Disabilities Shouldn’t Define Individuals Awareness and Dialogue Promote Acceptance
Disabilities Shouldn’t Define Individuals
“That boy is scary!” proclaimed the hearing “tween” to her friends at the signing Santa Christmas party. She didn’t know I could hear her, and had the grace to look mortified when I assured her I had and that my 3-year-old son, Cree, wasn’t. Even at an event that was supposed to be disability friendly, my son was still targeted.
It’s been almost 6 years and it still hurts. There is a saying: “Sticks and stones can break your bones, but words can break your heart.” In that moment, hearing the girl and her giggling group, my heart cracked a bit for my son. It won’t be the last time this happens, unfortunately. The beauty of Cree is that he doesn’t care. He loves everyone anyway.
The bullying of individuals with developmental disabilities is still a huge problem in today’s world. Despite the training and information out there addressing this issue, individuals with disabilities are still targeted for looking, acting, and being different. Every parent of a child with disabilities that I know is terrified. How will they know if their child is being targeted, picked on, or abused? It’s so much worse when an individual with disabilities has no communication mode. My son has a rare syndrome, a rare genetic disorder, and a laundry list of other medical issues that includes severe hypotonia and an absence of communication; he can’t sign or speak at all, and eye gaze isn’t dependable. How would he fight back if someone were hurting him? How would he tell me? Short answer: He couldn’t. I worry about this every day. Many of us do. HOW can we protect our children?
The news is full of reports of individuals with disabilities being bullied, being forgotten in cars or buses for long hours, being sexually or physically abused by people they are supposed to be able to trust, dying. And then there are the life-affirming stories about people who have stepped in to support those with disabilities, who have defended them and taken away the sting of not being included or accepted. Those stories give us hope.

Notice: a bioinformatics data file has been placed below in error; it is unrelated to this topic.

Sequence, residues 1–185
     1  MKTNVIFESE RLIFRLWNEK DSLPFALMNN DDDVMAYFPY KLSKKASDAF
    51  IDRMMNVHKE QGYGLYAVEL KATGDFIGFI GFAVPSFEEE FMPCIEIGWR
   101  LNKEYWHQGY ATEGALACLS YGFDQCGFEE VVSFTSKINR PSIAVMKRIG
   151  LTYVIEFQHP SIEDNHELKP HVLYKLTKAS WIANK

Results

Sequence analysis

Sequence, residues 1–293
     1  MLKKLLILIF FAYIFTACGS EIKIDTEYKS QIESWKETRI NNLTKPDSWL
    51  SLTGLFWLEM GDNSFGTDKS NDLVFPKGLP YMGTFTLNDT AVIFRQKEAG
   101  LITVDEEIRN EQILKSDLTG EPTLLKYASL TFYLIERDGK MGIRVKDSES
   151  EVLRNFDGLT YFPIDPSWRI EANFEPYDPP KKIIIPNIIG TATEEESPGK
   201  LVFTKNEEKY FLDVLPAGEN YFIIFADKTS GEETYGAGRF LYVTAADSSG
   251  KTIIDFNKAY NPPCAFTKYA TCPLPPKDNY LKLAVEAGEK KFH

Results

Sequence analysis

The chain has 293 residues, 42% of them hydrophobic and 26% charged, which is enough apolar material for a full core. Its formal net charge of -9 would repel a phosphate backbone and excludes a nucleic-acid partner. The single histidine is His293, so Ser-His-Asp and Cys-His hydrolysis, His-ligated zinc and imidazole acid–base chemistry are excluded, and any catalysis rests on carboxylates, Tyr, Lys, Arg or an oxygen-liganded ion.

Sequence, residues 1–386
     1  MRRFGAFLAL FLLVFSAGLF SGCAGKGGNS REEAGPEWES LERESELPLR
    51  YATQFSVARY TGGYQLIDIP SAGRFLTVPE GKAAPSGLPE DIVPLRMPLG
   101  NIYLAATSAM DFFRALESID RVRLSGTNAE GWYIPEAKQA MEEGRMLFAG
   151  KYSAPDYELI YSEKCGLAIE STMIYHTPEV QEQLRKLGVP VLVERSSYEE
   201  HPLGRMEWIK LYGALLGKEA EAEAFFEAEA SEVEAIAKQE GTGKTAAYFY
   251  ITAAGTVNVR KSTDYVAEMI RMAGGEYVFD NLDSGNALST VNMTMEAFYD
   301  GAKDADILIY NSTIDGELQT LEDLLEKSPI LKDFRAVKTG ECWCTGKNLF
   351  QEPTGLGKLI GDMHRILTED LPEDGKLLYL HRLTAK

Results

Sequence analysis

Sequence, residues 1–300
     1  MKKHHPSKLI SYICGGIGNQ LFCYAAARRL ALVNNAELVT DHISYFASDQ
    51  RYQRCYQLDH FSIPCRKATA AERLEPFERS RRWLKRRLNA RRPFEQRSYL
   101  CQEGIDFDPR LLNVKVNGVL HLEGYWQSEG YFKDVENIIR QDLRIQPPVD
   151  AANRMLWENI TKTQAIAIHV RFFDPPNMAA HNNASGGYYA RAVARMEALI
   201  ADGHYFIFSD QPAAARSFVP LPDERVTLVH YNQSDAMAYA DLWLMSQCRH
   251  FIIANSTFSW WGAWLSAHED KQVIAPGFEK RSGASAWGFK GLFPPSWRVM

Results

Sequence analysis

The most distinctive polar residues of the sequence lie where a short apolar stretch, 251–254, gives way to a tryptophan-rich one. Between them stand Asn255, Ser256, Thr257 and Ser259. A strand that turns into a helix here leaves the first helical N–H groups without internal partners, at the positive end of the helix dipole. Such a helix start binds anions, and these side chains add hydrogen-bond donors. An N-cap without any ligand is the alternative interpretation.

A popular saying these days is “Choose kind.” Well, kindness begins at home. So do education, awareness, and acceptance. If you see your children staring at mine, bring them over to say hello. Don’t be shy. Encourage your children to ask questions, are, and they shower him with love, “steal” his toys and watch movies cuddled up next to him. Cree’s typical peers under the Arc Montgomery County’s child care center-man who have known him since babyhood—treat Cree as one of them, playing with his hair, talking to him, making him laugh, inviting him to their birthday parties. Normalization often leads to understanding and acceptance.
My twins have made a friend at our local train station. They began chatting with him three years ago when they were 3 years old. The gentleman is in a wheelchair, and my sons daily hurl themselves into his arms. After two years of this daily greeting, one of my twins looked at me and signed, “[He] has no legs!” I replied, “No, he doesn’t, but he has a very comfy pillow to sit on.” That was the end of it because the man’s legs, or lack of, weren’t important to my son-only his heart.
Catherine C. Valcourt-Pearce, MS, has been at Gallaudet University’s Laurent Clerc National Deaf Education Center, in Washington, D.C., for 24 years. She is currently the coordinator of publications and managing editor of the Clerc Center’s Odyssey magazine. She and her husband, Larry, are the proud parents of four young sons—one hearing, one hard of hearing with multiple disabilities, and hard of hearing twins.
FREE Printable Spread Smiles & Acceptance – SMILE (Poster)
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This post originally appeared on our September/October 2019 Magazine